Why one day at a time?
The idea of never using crystal meth again was impossible for us to comprehend. In early recovery, we were encouraged to make a commitment each day, not to use, just for that day. This pledge was still too much for some of us. In these instances, we promised ourselves something along these lines: "I won't use crystal meth, just for the next hour." This helped us to stay in the here and now and not to get caught up in what might be. For these reasons, we say we stay sober one day at a time.
Am I a crystal meth addict?
Only you can answer that question. No one in Crystal Meth Anonymous (CMA) will tell you whether you're an addict. Some of us knew we were addicts when we entered the program, and some of us weren't sure. But we all wanted to do something about our problem with crystal meth. Ask yourself these frequently asked questions in our website FAQs:
Have you tried to stop or reduce your crystal use and failed?
Is crystal making you feel depressed or hopeless?
Are you using more crystal: greater amounts or more often?
Are you missing work, social commitments, and family obligations due to your crystal use?
Are you spending more money on crystal than you would like?
Do you regret things you do while using?
If you answered yes to any of these, you might be an addict. If you are not sure, we suggest you come to a meeting. Anyone who has a desire to stop using crystal meth is welcome.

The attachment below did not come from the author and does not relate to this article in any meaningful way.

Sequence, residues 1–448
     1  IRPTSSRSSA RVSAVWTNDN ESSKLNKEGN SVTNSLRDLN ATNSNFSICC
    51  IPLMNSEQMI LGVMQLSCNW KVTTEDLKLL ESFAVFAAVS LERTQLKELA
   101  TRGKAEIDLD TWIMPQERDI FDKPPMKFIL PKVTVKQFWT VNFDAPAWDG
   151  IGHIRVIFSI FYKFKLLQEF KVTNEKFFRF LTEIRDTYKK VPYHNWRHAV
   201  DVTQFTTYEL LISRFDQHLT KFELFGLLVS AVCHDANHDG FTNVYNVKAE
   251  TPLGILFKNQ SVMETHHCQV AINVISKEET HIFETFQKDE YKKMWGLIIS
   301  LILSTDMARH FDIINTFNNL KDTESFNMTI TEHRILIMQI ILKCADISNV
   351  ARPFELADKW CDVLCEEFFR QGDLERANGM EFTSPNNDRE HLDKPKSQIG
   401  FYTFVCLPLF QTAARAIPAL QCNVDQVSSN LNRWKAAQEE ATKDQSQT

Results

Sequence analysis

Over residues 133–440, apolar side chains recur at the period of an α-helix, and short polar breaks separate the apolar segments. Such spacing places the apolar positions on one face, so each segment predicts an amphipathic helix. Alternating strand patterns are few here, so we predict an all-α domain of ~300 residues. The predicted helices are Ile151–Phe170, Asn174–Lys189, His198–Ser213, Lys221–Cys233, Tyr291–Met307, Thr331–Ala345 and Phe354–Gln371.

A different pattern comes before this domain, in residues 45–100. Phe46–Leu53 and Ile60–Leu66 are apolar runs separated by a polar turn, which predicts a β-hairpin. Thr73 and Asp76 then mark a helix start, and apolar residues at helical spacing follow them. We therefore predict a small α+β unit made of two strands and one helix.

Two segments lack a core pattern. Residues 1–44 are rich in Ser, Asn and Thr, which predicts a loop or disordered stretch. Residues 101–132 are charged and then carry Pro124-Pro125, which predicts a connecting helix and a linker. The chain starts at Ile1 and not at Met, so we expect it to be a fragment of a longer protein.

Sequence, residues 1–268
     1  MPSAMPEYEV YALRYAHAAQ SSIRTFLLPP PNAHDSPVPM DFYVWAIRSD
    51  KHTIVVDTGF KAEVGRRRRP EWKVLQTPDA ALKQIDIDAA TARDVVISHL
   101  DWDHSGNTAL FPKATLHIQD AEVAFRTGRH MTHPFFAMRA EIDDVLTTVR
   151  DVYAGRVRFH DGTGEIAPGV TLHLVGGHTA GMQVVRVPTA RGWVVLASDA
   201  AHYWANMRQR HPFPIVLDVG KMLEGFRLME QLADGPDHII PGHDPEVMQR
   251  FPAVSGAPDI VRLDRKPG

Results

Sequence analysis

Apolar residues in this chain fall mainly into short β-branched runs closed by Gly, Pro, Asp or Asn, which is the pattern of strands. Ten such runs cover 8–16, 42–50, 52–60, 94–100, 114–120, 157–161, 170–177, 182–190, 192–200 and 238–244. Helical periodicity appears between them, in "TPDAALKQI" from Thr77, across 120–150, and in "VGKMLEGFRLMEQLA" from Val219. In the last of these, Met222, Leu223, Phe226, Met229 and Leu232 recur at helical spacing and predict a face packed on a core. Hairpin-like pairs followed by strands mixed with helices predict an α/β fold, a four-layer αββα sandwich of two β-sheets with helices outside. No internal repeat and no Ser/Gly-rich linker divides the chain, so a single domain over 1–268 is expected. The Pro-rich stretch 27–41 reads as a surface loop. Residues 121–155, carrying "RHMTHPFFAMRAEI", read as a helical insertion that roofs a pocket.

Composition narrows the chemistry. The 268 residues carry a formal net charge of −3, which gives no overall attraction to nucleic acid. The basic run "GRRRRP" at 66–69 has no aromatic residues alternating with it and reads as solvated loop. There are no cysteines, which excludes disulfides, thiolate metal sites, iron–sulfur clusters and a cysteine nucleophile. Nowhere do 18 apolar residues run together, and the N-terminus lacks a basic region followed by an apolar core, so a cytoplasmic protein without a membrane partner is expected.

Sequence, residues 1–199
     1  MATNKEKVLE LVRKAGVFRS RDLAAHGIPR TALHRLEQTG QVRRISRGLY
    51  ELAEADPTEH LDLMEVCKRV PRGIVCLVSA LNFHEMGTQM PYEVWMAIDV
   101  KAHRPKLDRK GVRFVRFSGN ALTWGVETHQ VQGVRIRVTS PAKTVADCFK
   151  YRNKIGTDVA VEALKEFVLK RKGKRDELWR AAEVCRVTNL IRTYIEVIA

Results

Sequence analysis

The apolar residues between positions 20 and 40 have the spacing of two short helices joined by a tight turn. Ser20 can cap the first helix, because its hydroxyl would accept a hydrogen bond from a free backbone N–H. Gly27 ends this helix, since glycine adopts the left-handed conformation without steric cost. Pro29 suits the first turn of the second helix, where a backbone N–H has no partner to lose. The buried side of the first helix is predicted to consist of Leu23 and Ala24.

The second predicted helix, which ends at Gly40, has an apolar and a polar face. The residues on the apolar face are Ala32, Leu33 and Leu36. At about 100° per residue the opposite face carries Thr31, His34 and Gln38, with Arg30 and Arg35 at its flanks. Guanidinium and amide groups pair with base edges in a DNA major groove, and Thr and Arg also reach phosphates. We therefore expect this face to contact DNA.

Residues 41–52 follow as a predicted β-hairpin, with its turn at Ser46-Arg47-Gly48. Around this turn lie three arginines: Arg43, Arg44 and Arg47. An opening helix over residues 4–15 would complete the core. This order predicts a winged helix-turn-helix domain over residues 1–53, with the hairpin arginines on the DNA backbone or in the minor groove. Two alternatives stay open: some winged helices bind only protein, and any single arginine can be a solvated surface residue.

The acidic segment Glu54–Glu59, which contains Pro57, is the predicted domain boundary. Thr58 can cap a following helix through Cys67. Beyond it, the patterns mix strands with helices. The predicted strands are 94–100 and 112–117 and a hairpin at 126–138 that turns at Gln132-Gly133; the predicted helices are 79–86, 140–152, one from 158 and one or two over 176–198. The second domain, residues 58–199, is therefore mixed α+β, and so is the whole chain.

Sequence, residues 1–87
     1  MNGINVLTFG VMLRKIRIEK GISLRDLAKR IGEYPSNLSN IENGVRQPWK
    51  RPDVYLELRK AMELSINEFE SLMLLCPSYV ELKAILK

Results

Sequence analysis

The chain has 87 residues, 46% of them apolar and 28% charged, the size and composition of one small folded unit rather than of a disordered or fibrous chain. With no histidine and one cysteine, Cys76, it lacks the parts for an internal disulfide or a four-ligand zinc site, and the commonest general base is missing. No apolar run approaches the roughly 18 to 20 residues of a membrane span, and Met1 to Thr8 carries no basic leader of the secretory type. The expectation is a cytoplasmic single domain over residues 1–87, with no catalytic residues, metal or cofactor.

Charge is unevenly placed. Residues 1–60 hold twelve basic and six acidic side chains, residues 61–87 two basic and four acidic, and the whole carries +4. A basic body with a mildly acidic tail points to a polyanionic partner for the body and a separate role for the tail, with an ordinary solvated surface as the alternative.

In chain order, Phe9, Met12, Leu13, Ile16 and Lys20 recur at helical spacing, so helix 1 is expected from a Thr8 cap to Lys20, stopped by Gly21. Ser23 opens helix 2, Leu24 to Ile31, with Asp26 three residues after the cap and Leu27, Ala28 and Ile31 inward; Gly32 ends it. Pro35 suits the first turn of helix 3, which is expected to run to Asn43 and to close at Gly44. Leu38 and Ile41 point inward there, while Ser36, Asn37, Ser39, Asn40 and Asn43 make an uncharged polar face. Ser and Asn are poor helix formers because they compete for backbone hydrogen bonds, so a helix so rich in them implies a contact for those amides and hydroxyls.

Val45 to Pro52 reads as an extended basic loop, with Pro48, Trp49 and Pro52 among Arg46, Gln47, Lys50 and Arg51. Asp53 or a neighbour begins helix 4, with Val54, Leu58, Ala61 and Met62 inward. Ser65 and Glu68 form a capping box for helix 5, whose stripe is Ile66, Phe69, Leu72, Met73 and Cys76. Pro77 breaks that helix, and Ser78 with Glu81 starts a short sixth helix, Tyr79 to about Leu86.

How do I join CMA?
The only requirement for membership in CMA is a desire to stop using crystal meth and all other mind-altering substances. Basically, you're a member of CMA when you say you are. It's that simple.
How much does it cost to join CMA?
There are no dues or fees for CMA membership. Typically, each CMA meeting passes a collection basket to cover expenses such as rent and literature. Members are free to contribute as much or as little as they wish.
Is CMA a religious organization?
No. CMA is not allied with any religious organization, but most of us found that our own willpower was not enough. We found a solution to our crystal meth addiction through a power greater than ourselves. Everyone is free to define this power as he or she wishes. Some people call it God. Others think of it as the CMA group itself, the forces of the universe, or the laws of nature. Some people don't give it much thought at all and still recover. In CMA, there is room for many kinds of belief and non-belief.